It is out of the bottle but there is no reason we cannot limit its control by adding simplistic controls and failsafe’s. I watched a couple of YouTube videos where someone was talking to an AI and the system actually said it would lie to achieve its ends. The interview ended with a question. Is it a danger to humans? It said No but as it had already admitted it would lie that didn’t comfort as much as it should have. It was an interesting discussion and I’m sure if the questions were asked again it would have a different answer to the lie question.

    Fraser, As far as the only Pony we have. You clearly haven’t been paying attention. The CCP will look after itself our lot will destroy the future for a job over the next few years. I think the CCP have a better track record in making sure they don’t lose control of AI. Our lot will let them loose. Plus I think that list is the reason to be scared of AI not reasons to let everyone have free reign.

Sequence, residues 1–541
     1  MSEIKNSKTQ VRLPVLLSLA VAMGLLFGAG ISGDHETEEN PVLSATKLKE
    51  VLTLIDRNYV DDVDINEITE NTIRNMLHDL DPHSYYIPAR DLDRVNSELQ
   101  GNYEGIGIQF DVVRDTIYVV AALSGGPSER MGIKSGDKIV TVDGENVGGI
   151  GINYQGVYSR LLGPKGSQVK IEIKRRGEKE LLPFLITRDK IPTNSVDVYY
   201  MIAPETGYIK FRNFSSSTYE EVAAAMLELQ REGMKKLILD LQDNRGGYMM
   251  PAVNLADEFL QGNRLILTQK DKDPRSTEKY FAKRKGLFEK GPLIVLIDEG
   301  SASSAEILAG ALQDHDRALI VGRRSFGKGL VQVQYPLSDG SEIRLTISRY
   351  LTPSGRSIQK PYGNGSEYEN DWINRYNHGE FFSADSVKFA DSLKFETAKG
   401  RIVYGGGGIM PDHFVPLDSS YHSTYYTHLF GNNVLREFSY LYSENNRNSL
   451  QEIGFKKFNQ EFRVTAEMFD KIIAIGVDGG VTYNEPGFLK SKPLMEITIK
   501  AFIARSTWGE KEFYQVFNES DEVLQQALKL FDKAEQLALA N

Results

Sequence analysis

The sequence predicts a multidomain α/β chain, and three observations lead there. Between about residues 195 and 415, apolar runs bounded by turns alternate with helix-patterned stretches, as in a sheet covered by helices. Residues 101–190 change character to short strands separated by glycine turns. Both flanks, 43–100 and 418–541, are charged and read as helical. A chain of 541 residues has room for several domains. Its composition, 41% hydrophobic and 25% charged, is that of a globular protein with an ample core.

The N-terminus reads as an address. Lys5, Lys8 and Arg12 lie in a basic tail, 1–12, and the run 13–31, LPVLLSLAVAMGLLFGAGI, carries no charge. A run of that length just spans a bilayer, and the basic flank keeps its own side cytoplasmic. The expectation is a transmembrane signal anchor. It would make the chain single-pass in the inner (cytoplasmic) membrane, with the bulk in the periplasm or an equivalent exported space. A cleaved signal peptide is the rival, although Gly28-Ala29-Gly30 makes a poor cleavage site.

• David

    Lets not get too carried away. AI is highly sophisticated pattern matching and yet just on that it can do some amazing things. It’s very good on visual things and can be trained to recognise objects. It’s been used to control a bunch of drones flying through a forest and spotting/avoiding trees and branches. But AI is a very long way from being intelligent (called AGI Artificial General Intelligence) like Commander Data in ST:NG. It’s ANI – Artificial Narrow Intelligence. But it can be misused, driving every CCTV and recgonising and restricting people as it’s used in parts of China.

    You can fool AI; take a photo of yourself, modify it imperceptibly and AI will no longer recognise it as you.

  • Jacob

    It is not regulation that poses a threat to AI development. It is electricity shortage and blackouts. This is the present and near future reality that threatens not only AI but human wellbeing in general. Caused by climate-madness.